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Juvenile delinquency, also known as "juvenile offending", is participation in illegal behavior

by minors (juveniles, i.e. individuals younger than the statutory age of majority).
Characteristics of Juvenile delinquency:
Of the published works, eight studies by Ruthonsha (1947), R.K. Singh (1948), Hansa Sheth (1960),
B.K. Bhattacharya (1962), A.D. Attar (1964), Sushil Chandra (1967), S.C.Verma (1969), and Harjeet
S. Sandhu (1977) and three studies by the Government of India (1952, 1954 and 1970) are
considered to be more significant.
On the basis of these studies and on the basis of data compiled by National Crime Records Bureau, 1998,
following characteristics of juvenile delinquency in India may be given:
1. The delinquency rates are many times higher for boys than girls, that is, girls commit fewer
delinquencies than boys. The percentage involvement of girls in juvenile delinquency up to 1987 was
about 6-7 per cent. This suddenly increased to 13.4 per cent in 1988 due to a change in the definition of
juveniles, by which girls in the age group of 7-18 years only were considered as juveniles.
2. The delinquency rates tend to be highest during early adolescence (12-16 years age group). After
the new definition of the age of juvenile delinquency in 1988, if we calculate the average of ten years from
1988 to 1998, about three-fifth delinquents (61.0%) fall in this age group of 12-16 years.
Earlier (between 1978 and 1987), it was observed that a large number of delinquents (71%) belonged to
18-21 years (late adolescence) age group, 15 per cent belonged to 16-18 years age group, 9 per cent to
12-16 years age group, and 5 per cent to 7-12 years age group.
3. Juvenile delinquency is more an urban than a rural phenomenon. The metropolitan cities like
Delhi, Mumbai, Chennai, Calcutta, Ahmadabad, Hyderabad and Bangalore produce more juvenile
delinquents than small cities and towns.If we take 23 metropolitan cities in India, of the 1,981
delinquents apprehended under the IPC in 1998 in these 23 cities, about three-fifths (62.3%) committed
crimes in six cities (Bombay: 9.1%, Delhi: 17.5%, Indore: 8.8%, Jaipur: 13.7%, Nagpur: 5.9%, and Pune:
7.3%) (Crime in India, 1998: 253).
4. Children living with parents and guardians are found to be more involved in the juvenile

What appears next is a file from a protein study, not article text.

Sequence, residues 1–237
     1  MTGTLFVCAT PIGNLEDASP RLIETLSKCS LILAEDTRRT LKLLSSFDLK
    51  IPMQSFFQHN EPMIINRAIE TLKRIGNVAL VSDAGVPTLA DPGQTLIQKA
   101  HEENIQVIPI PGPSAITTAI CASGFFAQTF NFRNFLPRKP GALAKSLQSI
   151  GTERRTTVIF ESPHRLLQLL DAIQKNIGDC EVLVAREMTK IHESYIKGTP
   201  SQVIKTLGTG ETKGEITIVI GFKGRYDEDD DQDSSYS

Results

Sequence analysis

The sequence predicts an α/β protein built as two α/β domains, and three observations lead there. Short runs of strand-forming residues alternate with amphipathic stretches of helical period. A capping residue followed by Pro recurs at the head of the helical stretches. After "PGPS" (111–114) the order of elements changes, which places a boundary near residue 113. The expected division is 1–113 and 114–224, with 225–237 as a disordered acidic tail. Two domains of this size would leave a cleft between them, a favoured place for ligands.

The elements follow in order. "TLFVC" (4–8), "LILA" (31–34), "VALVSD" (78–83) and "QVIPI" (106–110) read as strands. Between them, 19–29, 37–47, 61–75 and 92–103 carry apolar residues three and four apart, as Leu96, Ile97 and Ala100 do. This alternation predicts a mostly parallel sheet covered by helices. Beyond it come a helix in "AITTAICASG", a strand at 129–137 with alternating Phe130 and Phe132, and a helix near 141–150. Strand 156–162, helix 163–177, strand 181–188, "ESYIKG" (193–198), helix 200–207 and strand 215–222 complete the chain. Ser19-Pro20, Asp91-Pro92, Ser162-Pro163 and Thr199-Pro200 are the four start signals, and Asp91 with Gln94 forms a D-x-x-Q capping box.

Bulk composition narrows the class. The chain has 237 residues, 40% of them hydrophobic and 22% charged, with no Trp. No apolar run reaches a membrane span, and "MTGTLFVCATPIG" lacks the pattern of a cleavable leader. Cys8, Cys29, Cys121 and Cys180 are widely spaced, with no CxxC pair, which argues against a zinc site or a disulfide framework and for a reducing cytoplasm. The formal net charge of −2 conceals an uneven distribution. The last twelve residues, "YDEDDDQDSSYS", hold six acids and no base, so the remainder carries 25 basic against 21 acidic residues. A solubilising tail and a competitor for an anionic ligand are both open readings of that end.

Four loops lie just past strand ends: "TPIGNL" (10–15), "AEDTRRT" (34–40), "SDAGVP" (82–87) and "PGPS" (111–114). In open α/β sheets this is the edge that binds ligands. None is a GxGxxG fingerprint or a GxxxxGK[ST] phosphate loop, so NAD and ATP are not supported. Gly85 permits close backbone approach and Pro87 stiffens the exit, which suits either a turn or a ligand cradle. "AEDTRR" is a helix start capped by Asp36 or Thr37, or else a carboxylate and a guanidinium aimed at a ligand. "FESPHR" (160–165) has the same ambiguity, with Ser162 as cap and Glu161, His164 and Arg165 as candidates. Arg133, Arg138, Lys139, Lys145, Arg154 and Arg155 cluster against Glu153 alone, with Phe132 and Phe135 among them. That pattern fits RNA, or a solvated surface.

crimes. At the time of arrest, about three-fourths (73%) of the delinquents were found living with their
parents, about one-fourth (22%) with their guardians, and about one-twentieth (5%) were homeless
(1998: 256). This shows the role of family environment in juvenile delinquency.
5. Low education background is the prime attribute of delinquency. About two-fifths (38.1%) of the
juveniles are illiterate, two-fifths (39.3%) are primary passed, one-fifth (18.5%) are middle and
secondary passed, and a very small number (4.1%) is educated up to the high school level and above
(1998: 256). Thus, most delinquents come from illiterate and less educated families.
6. Poor economic background is another important characteristic of juvenile delinquency in India.
About half (52%) of the delinquents come from homes with an income of less than Rs. 500 per month
(i.e., destitute and very poor classes), about one-fourth (27%) from homes with income between Rs. 501
and Rs. 1,000 per month (i.e., poor classes), about one-tenth (14%) from homes with income between Rs.
1,001 and Rs. 2,000 per month (i.e., lower-middle class), and a very small number (5%) from homes with
income between Rs. 2,001 and Rs. 3,000 per month (i.e., lower-middle class) or with income above Rs.
3,000 per month (2%) (i.e., middle-middle class) ,this shows that juvenile delinquency is more a lowerclass phenomenon.
7. Nine out of 10 juvenile delinquents are first-offenders and only one-tenth is recidivists or pastoffenders. The 1998 figures show that 89 per cent were new offenders (ibid. 257). The number of total
juveniles apprehended between 1988 and 1998 has gradually declined every year. From about 38,000
(IPC + SLL) in 1988, the number declined to about 30,000 (29,591) in 1991 and about 19,000 (18,964) in
1998 (ibid. 246).
8. Not many delinquencies are committed in groups. In the United States, Shaw and McKay in their
study found that 90 per cent children had companions in their delinquencies. In India, it appears, a large
number of delinquencies are committed all alone.

9. Though some delinquencies are committed in groups yet the number of juvenile gangs having support
of organised adult criminals is not large in our country.
Classification of Juvenile Delinquents
Juvenile delinquents have been classified by different scholars on different bases.
For example, Hirsh (1937) has classified them in six groups on the basis of the kinds of offences
(1) incorrigibility (for example, keeping late hours, disobedience, etc.),
(2) truancy (staying away from school),
(3) larceny (ranging from petty theft to armed robbery),
(4) destruction of property (including both public and private property),
(5) violence (against community by using weapons), and (6) sex offences (ranging from
homosexuality to rape).
Eaton and Polk (1969) have also classified delinquents into five groups according to the type of offence.